When many Asians have an alcoholic drink, even just a sip, they may experience really negative symptoms. Some may think they have an allergy to alcohol, but here’s why that’s probably not true.
Do you have an Alcohol Allergy?
An allergy to alcohol is very rare. It’s certainly not seen at the same scale as more common allergies like nuts, shellfish or animal dander. But just because it’s rare, doesn’t mean that alcohol allergies don’t exist at all.
One study (although small) found that 7.2 percent of participants reported experiencing “allergy-like symptoms after drinking wine.” However, only two of the 68 participants have a medically diagnosed allergy.
In fact, our bodies create alcohol, so it’s very rare for the body to be allergic to alcohol. But because some of us experience symptoms that look like an allergic reaction to alcohol, it’s understandable why these conditions get confused. If the symptoms you feel when exposed to pollen are the same when you drink alcohol, it’s obvious why you’d think both are allergies. But this isn’t necessarily the case.
So if you aren’t allergic to alcohol, why do you experience allergy-like symptoms when drinking?
There’s two main reasons for negative reactions to alcohol:
- You are allergic or intolerant to an ingredient used in your drink, but not the alcohol itself
- You have an enzyme deficiency and are experiencing alcohol flush reaction (sometimes called alcohol intolerance)
First let’s look at possible allergens in alcohol beverages and why they may be causing your negative reaction to alcohol.
Intolerant to an ingredient or additive in alcohol
One reason you may be having a negative reaction to alcohol isn’t due to the alcohol itself. Instead, you may be allergic or intolerant to a part of the alcoholic beverage instead.
This situation is similar to having an allergy to nuts and then eating a dish containing nuts. You have a negative reaction, but it’s due to the nuts themselves rather than the dish as a whole. So in this instance, you have a negative reaction to an ingredient, chemical or additive used in the drink, rather than alcohol itself.
There’s a few ingredients in alcoholic beverage that can cause a negative reaction, the most common being:
- wheat, hops, barley or gluten
Perhaps you have a reaction every time you drink wine so you believe that you have an alcohol allergy (or even a “wine allergy). But after an allergy test, you find out that you’re allergic to grapes, instead. Or you have a sensitivity to gluten and thus have negative reactions when you drink beer.
What about alcohol flush reaction?
Next, let’s look at reason two and this particular genetic condition.
In those with alcohol flush reaction, their bodies have an enzyme deficiency. This means that when alcohol enters the body, it cannot be properly metabolised. Instead of being broken down and eliminated from the body, it turns into a toxic chemical that floods your system. It’s this harmful chemical called acetaldehyde that causes really negative symptoms.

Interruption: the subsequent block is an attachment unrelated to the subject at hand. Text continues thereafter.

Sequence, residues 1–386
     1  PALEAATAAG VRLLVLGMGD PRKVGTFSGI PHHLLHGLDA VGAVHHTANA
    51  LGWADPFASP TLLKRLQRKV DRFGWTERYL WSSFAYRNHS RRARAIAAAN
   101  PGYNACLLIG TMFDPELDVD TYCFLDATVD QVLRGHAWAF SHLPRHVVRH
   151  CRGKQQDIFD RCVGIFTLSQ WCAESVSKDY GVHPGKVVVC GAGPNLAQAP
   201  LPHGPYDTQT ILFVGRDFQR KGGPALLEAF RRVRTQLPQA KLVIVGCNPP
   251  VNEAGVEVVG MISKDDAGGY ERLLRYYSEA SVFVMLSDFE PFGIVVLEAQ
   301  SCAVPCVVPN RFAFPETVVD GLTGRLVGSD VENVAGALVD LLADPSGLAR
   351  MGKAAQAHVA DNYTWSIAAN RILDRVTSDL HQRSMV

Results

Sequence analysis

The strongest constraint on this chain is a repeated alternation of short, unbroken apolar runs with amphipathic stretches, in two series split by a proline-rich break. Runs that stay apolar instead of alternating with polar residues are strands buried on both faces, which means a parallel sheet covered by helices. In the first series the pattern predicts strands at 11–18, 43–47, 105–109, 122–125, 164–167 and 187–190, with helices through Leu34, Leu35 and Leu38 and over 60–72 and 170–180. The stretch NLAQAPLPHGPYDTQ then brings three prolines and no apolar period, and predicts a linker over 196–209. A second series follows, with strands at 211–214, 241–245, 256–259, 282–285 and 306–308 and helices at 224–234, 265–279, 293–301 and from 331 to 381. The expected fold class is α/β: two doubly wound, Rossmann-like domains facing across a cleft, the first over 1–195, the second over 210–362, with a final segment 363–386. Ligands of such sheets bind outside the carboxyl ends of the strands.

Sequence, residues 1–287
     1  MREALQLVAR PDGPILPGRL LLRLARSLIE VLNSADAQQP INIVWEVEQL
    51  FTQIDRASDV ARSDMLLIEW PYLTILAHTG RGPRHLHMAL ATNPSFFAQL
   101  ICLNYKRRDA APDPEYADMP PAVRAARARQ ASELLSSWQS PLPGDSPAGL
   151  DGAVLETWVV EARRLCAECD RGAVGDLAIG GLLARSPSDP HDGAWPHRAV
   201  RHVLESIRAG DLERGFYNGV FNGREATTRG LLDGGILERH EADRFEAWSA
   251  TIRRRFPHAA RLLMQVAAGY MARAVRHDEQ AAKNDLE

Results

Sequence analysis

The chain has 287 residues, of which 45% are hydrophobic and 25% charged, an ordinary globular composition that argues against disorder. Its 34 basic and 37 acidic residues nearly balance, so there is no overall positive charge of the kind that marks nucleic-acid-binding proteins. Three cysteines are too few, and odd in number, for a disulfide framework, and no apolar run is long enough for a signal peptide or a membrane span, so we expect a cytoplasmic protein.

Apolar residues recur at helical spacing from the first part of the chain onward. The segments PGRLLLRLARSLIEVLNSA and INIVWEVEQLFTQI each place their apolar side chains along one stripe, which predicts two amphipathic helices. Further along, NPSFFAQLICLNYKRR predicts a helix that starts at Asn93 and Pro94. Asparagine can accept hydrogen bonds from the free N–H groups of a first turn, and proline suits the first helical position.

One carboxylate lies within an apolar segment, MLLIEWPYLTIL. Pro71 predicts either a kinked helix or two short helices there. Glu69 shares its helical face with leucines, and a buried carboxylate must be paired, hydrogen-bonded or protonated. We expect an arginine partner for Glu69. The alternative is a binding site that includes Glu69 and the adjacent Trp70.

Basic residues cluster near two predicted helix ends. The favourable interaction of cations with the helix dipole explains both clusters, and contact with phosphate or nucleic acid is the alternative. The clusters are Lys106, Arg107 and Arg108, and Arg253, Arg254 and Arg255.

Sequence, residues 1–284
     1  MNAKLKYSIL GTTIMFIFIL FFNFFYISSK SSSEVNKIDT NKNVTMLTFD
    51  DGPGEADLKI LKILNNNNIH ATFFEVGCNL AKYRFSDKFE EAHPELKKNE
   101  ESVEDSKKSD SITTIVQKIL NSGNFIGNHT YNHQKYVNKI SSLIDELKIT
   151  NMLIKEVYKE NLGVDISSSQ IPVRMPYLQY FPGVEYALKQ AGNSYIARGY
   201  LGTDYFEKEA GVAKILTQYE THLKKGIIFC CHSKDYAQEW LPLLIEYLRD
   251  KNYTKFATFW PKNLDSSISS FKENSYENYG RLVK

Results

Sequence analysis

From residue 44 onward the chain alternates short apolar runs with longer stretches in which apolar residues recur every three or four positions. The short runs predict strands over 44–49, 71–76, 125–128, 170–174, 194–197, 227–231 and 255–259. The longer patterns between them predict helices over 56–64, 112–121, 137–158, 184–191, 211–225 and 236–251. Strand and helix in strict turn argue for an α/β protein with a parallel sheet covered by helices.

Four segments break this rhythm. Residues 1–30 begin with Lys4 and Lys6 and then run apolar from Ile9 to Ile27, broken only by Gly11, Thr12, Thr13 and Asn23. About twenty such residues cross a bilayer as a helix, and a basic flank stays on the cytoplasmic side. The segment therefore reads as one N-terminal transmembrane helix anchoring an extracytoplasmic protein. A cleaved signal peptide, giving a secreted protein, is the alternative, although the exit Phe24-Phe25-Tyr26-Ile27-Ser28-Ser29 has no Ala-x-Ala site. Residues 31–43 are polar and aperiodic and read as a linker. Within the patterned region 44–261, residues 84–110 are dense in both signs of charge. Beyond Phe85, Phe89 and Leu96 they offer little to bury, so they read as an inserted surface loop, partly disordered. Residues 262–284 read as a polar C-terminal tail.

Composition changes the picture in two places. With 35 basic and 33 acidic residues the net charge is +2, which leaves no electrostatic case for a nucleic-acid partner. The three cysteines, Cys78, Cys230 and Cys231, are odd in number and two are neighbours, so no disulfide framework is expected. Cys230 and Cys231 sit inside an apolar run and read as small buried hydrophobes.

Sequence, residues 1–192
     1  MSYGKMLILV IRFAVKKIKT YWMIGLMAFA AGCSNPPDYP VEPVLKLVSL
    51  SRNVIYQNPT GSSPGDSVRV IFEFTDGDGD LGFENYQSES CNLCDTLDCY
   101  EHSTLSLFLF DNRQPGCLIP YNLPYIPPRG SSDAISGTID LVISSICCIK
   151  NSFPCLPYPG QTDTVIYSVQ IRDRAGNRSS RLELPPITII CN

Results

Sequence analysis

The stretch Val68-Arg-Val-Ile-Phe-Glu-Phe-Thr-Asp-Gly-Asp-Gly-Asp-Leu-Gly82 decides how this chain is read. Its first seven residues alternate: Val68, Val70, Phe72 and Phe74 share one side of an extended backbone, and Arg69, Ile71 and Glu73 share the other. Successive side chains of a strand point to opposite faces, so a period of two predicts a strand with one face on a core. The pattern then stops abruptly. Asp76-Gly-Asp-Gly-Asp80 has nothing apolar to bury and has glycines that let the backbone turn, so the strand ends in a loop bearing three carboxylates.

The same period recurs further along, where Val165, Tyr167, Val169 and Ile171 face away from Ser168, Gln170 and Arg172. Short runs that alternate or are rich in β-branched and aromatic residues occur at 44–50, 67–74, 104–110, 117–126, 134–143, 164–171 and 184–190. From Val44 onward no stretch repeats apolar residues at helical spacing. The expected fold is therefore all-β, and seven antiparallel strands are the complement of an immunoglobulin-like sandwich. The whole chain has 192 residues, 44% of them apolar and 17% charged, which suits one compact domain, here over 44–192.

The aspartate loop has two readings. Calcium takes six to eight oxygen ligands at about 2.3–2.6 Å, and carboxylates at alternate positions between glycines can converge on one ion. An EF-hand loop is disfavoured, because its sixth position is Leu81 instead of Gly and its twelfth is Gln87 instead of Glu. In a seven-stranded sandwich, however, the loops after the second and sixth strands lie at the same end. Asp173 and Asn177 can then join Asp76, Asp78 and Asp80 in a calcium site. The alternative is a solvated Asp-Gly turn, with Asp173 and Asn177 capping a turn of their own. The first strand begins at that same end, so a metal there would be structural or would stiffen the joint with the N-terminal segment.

Common symptoms of alcohol flush reaction are:
- red flushing (especially facial flushing)
- bloodshot eyes
- rapid heart rate
- feeling hot and sweaty
- restricted or laboured breathing
- nasal congestion or a stuffy nose
If we look a traditional or common symptoms of an allergy, these can include:
- itchy eyes
- itchy hives
- vomiting or diarrhoea
- Anaphylaxis in serious cases
- wheezing or shortness of breath
- sneezing and an itchy, runny or stuffed nose
- swollen lips, tongue, eyes or face (in more severe cases)
Because symptoms caused by acetaldehyde look like an allergic reaction, maybe people believe they have an allergy to alcohol. But technically, this isn’t true. The negative symptoms caused by alcohol is due to this genetic condition, rather than a true allergy to alcohol itself.
For more details on alcohol intolerance, make sure to check out our article: What is alcohol intolerance and how to avoid it
Experiencing negative symptoms when drinking alcohol is different from alcohol flushing in a major way: if you have alcohol flushing, any type of drink with alcohol will cause a reaction. This is because alcohol, once turned into toxic acetaldehyde, it causing your negative symptoms. If you have an intolerance or sensitivity to an ingredient in a drink, you won’t experience symptoms when you avoid that drink in particular.
But why is it that Asians seem to be allergic to alcohol?
Now we know that a negative reaction to alcohol is likely not an allergy, why does it seem that Asians are impacted the most?
Asians (especially those of East-Asian descent such as Japanese, Chinese, and Korean) are much more likely to have the genetic condition called alcohol flush reaction. About 36% of East Asians have this condition, which is often why it’s called Asian Flushing or Asian Flush. The “flush” is added to the name because the most common symptom is getting a bright red face when drinking alcohol.
Even though this genetic condition impacts Asians at a high level, it doesn’t mean that other ethnicities can’t experience it themselves. We know that a smaller percentage of Caucasians can have this negative reaction to alcohol, too. Because other groups of people can have this condition, it’s typically best to refer to it as alcohol flush reaction, rather than Asian Flush.
How do I know if I’m allergic to alcohol?
Since an alcohol allergy is so rare, it’s more likely that you either have alcohol intolerance or are allergic or intolerant to an ingredient in alcohol drinks. So how do you find out?
Completing an allergy test at your doctors office is a great place to start if you’re unsure about your allergies. A simple prick test is still widely used to identify allergies. Your doctor or allergy specialist will prick your skin with various substances that likely cause allergic reactions. If you react negatively to any of the included substances, you’ll know that you have an allergy.